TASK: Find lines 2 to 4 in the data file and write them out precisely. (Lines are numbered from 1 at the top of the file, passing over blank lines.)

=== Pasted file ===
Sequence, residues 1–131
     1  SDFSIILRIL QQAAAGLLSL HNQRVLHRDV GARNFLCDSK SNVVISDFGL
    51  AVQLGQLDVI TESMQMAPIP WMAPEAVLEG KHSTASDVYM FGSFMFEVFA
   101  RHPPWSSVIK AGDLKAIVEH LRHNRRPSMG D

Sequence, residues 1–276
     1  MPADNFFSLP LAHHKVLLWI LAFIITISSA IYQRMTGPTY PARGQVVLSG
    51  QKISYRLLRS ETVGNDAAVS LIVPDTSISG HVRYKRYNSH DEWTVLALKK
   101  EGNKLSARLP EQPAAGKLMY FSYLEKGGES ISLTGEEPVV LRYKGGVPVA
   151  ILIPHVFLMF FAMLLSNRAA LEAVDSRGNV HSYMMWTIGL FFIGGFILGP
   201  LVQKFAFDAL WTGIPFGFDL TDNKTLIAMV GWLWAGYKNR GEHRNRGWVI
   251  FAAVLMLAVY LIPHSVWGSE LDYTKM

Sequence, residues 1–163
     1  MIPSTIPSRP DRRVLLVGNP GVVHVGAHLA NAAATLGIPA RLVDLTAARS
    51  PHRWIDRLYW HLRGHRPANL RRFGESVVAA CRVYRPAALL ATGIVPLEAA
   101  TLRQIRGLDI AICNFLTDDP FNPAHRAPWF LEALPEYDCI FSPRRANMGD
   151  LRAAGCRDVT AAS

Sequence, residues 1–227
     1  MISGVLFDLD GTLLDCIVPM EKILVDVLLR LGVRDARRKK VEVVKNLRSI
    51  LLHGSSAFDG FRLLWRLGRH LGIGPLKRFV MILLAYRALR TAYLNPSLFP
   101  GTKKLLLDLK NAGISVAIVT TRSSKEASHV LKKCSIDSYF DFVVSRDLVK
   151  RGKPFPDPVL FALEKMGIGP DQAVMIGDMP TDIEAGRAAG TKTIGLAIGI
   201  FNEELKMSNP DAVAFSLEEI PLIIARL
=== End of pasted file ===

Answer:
     1  SDFSIILRIL QQAAAGLLSL HNQRVLHRDV GARNFLCDSK SNVVISDFGL
    51  AVQLGQLDVI TESMQMAPIP WMAPEAVLEG KHSTASDVYM FGSFMFEVFA
   101  RHPPWSSVIK AGDLKAIVEH LRHNRRPSMG D